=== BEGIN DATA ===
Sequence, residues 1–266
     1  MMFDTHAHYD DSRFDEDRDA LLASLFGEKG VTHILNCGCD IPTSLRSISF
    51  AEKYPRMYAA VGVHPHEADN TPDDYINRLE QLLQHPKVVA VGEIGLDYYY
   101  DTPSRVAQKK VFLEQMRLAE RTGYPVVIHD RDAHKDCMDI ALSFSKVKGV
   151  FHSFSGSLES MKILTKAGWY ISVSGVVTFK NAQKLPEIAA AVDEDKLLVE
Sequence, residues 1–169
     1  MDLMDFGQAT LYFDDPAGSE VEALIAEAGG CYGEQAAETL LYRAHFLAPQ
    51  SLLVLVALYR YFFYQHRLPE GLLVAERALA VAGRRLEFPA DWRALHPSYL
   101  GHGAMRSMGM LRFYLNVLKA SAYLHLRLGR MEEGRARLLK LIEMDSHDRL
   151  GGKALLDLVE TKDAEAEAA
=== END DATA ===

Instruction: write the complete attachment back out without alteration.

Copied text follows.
Sequence, residues 1–266
     1  MMFDTHAHYD DSRFDEDRDA LLASLFGEKG VTHILNCGCD IPTSLRSISF
    51  AEKYPRMYAA VGVHPHEADN TPDDYINRLE QLLQHPKVVA VGEIGLDYYY
   101  DTPSRVAQKK VFLEQMRLAE RTGYPVVIHD RDAHKDCMDI ALSFSKVKGV
   151  FHSFSGSLES MKILTKAGWY ISVSGVVTFK NAQKLPEIAA AVDEDKLLVE
Sequence, residues 1–169
     1  MDLMDFGQAT LYFDDPAGSE VEALIAEAGG CYGEQAAETL LYRAHFLAPQ
    51  SLLVLVALYR YFFYQHRLPE GLLVAERALA VAGRRLEFPA DWRALHPSYL
   101  GHGAMRSMGM LRFYLNVLKA SAYLHLRLGR MEEGRARLLK LIEMDSHDRL
   151  GGKALLDLVE TKDAEAEAA